Aren’t there other ways of dealing with traffic issues?

The Central 6 streets plan is about much more than just traffic. It is about creating more attractive places to live with cleaner air, more welcoming places to walk or cycle, and safer environments for children to play. Where schemes of this nature have been implemented elsewhere in the UK, the results have been generally positive and well received by the people who live in the area.

There is limited scope to keep growing the space available for traffic, such as at key junctions and pinchpoints. We have been trying to do this for the last ~50-years, and it has largely not solved congestion – which is now increasingly being pushed on to residential streets and rat runs. Simply put, many of Warrington’s congestion issues are caused by too many short journeys being made by car. This project will help create the conditions for more short journeys to be made by foot or cycle (where possible) instead.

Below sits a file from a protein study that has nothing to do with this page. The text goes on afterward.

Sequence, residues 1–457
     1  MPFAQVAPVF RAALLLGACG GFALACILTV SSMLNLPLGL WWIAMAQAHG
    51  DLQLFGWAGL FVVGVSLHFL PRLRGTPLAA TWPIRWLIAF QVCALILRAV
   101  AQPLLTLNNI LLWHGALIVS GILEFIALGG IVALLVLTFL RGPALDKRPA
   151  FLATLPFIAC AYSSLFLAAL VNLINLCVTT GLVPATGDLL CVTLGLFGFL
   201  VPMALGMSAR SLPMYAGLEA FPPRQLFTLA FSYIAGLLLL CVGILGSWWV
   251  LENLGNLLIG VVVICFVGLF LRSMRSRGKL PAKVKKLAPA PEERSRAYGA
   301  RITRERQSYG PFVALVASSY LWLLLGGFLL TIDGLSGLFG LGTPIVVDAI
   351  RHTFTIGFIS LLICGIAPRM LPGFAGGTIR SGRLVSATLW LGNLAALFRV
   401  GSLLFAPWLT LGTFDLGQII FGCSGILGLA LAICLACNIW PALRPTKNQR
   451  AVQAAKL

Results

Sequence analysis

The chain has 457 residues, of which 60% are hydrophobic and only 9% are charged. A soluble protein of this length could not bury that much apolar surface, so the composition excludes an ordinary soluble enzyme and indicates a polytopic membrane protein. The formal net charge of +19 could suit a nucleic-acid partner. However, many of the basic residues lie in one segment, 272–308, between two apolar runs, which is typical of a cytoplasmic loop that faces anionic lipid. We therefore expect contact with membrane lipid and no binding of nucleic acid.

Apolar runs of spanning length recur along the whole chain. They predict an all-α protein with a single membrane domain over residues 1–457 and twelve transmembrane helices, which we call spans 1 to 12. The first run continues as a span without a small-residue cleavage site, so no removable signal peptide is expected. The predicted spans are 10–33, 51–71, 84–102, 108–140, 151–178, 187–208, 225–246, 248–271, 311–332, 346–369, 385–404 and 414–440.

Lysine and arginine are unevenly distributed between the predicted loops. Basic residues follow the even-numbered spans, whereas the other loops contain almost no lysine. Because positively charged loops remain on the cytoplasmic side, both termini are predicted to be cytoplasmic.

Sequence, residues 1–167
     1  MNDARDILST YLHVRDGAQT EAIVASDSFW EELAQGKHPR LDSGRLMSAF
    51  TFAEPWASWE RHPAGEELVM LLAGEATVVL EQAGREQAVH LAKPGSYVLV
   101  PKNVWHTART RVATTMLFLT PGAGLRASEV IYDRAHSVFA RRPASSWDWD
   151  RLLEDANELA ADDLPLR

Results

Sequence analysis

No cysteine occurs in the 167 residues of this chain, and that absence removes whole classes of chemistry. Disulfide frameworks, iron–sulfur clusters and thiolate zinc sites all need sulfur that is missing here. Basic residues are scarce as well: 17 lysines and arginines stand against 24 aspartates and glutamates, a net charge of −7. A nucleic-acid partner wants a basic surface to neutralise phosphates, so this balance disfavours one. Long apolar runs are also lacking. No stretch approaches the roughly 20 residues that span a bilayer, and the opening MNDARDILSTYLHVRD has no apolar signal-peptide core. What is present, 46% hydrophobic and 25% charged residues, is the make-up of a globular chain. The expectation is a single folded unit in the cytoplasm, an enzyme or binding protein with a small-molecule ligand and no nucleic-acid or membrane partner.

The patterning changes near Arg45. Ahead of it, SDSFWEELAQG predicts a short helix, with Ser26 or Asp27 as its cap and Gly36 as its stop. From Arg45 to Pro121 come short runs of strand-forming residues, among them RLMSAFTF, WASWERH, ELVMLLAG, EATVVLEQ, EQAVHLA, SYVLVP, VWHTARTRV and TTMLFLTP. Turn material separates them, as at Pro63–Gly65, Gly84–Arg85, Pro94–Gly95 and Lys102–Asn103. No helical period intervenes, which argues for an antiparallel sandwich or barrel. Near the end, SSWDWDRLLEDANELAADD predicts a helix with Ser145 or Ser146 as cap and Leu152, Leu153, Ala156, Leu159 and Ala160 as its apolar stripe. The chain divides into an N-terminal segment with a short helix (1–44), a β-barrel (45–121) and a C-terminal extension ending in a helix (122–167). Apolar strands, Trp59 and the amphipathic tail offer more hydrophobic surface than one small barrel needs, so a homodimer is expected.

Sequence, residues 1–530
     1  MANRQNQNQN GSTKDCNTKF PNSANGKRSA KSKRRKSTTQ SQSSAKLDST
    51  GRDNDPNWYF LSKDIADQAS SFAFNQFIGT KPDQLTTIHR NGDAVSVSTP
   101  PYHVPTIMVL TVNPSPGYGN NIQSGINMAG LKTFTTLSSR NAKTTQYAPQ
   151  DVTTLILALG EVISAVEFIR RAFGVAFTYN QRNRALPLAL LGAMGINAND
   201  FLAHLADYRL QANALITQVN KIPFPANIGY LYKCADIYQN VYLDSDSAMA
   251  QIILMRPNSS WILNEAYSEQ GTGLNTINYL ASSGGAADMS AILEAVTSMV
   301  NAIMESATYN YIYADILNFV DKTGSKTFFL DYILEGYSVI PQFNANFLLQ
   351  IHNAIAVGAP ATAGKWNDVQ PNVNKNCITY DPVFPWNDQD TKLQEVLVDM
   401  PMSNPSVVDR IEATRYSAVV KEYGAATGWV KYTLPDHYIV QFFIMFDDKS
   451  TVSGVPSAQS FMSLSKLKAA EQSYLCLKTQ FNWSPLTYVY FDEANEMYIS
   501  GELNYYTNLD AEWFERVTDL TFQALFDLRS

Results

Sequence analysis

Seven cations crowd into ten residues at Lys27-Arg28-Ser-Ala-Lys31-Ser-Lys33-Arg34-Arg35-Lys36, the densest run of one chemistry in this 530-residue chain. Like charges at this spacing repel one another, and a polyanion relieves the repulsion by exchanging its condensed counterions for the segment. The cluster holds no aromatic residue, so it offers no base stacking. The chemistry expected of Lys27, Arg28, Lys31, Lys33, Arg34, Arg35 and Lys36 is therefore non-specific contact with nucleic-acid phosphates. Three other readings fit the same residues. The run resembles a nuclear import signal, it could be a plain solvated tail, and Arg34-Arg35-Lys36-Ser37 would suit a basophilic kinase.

What will the impact on businesses be?

Similar schemes elsewhere have not reported any significant impact on business. Evidence suggests that business owners tend to significantly over-estimate the proportion of their custom arriving by car, when compared against walking and cycling.

The schemes have been designed to minimise any potential disruption to businesses. All businesses will still be accessible by vehicle, and we anticipate that streets with less traffic will result in more people walking and shopping locally..

Has an environmental impact assessment (EIA) been undertaken?

Environmental impact assessment (EIA) is not a statutory requirement for a project of this nature. We will however be closely monitoring environmental matters, including changes in air quality, throughout the trial period.

Similar schemes elsewhere have reported significant benefits to the local environment, including net improvements to air quality and noise, and reductions in fly-tipping.

Has an equalities impact assessment (EqIA) been undertaken?